There’s some question as to which kingdoms the four beasts symbolize.  People pick among the Babylonians, the Medes, the Persians, the Greeks, and the Romans.  The point is, all these empires in one way or another persecuted the Jews, the people of God.  Or in apocalyptic terms, they’re scary monsters that tried to gobble up the holy ones.

John Collins says that “the vision functioned to give hope to the persecuted Jews.  This rather trite statement, however, does scant justice to the power of the vision, which attempts to shape a whole new view of history.”[2]  Daniel’s vision shapes a whole new view of history.

It can be difficult for us to realize how powerful this is.  Imagine the audacity of this powerless group of people.  They’re just one nation among many that have been swept up by the empire.  How dare they show this holy defiance?  How dare they tell their own stories?  They’re supposed to agree with the official version of history, one that lets them know they’re less worthy, one that puts them in their place.

As the church, we have inherited that legacy.  Still, we have to watch ourselves.  We have to be careful about how closely we identify with the qualities of, not Greek or Roman, but American empire.  Believe it or not, we aren’t immune to acting like the rest of the human race.  We too can imitate a beast ready to devour.

We have here the story of that great cloud of witnesses (Heb 12:1).  It’s the story of the faithful from every walk of life.

It’s the story told in the hymn, “I Sing a Song of the Saints of God.”  Referring to the saints, the second stanza ends like this: “And one was a soldier, and one was a priest, / And one was slain by a fierce wild beast: / And there’s not any reason, no, not the least, / Why I shouldn’t be one too.”

Yes, that’s right folks.  There’s not any reason why I shouldn’t be slain by a fierce wild beast!

3 dnThis is the story of saints past and present—and we can say, of saints yet to come.  It’s the story of the faithful from every background.  It’s the story of those who have faced all manner of scary monsters.  (Even one symbolized by a fast food restaurant!)

Here are some questions for us.  What are our scary monsters?  Are there any great beasts that fill our dreams with terror?

In a sermon Banu preached one time, she dealt with Goliath the giant.  A quote from her sermon was, “When you focus on your giants, you stumble.  When you focus on God, your giants tumble.”  How does that translate into scary monsters?  How do scary monsters come at us?

Here’s another way of framing it.  Are we trapped by the past?  Do we carry around undeserved guilt?

Chris Gehrz speaks of All Saints’ Day as a call and opportunity “to be a steward of the past.”[3]  We’re called to be stewards of the creation, not only in space, but also in time.  All Saints’ Day “underscores the importance of preserving [the] past against the erosion that comes with the passage of time.”  We are called to remember—and to remember well.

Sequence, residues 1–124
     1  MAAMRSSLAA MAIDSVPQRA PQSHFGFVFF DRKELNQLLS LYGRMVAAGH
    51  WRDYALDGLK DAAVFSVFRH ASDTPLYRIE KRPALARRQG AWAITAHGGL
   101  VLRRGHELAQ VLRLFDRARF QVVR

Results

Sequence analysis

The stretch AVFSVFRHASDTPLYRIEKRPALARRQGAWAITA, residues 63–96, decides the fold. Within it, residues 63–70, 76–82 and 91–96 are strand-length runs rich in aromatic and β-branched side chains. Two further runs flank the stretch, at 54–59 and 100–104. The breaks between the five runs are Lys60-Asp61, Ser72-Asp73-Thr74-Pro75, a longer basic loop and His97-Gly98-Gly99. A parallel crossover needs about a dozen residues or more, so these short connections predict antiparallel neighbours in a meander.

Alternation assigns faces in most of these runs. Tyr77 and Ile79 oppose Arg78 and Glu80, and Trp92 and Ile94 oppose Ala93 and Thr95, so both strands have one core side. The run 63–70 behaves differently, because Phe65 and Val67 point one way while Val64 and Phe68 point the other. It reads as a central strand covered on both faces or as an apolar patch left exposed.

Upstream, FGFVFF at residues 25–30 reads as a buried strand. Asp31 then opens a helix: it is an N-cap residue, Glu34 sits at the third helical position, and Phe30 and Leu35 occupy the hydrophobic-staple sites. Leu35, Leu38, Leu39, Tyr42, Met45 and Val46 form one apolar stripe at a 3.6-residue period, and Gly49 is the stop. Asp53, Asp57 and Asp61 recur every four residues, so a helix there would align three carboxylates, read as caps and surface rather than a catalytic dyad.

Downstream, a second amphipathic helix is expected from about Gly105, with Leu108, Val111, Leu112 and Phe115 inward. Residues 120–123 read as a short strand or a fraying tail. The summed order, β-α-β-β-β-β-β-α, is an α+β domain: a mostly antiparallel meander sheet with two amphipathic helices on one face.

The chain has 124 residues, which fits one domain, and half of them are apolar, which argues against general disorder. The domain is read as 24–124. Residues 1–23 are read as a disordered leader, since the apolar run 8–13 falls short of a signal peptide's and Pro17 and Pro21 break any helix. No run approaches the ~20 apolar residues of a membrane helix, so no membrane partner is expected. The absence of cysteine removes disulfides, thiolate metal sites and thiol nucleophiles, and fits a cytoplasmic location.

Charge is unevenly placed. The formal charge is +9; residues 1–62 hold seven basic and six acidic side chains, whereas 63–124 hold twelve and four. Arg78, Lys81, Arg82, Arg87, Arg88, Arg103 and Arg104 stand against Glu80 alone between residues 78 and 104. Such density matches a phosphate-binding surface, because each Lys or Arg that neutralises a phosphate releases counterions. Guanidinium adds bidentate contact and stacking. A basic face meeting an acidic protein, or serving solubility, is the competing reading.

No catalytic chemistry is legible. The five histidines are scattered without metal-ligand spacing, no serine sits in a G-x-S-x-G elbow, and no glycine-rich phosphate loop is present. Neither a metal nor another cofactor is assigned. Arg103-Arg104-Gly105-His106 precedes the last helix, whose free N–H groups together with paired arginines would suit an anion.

This may come as a shock, but there are those who like to zap us by unfairly reminding us of our past.  They would have us remember, but not remember well.  Still, I fear that at some level, that tendency resides within all of us.  But to the extent we give way to that tendency, we only speak from our own fear, our own insecurity.  We are not speaking—and being—from a place of love and hope.

In Christ, those voices of accusation are silenced.  In the face of the glory of Christ, they have nothing to say.

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[pixabay.com]

In Christ, the great beasts, the scary monsters, are rendered toothless.  We’re given a whole new view of history.  We are ushered into the communion of saints, the holy ones of the Most High, who we join in receiving the kingdom and possessing the kingdom forever and ever.

 

[1] www.workingpreacher.org/preaching.aspx?commentary_id=714

[2] John J. Collins, Daniel (Minneapolis: Fortress Press, 1993), 324.

[3] www.patheos.com/blogs/anxiousbench/2016/11/all-saints-day-and-the-stewardship-of-the-past


to see and know Christ

James Finley, the spiritual teacher and mystic, tells us “there’s a story about someone who’s in hell, and he can get out of hell if he can make the Devil cry.  What he does is he gives the Devil a mirror, and when the Devil sees himself, he cries.  And the tears of the Devil put out the fires of hell.”[1]

1 saintsI begin with that rather abrupt story, because it says something about image, what we behold.  It says something about self-image, which in the devil’s case, leads to sorrow.  And to continue with the well-known ending, “wailing and gnashing of teeth.”

That little story says something about what we focus on, what occupies our attention—what occupies our lives.  But we’ll look at that later on.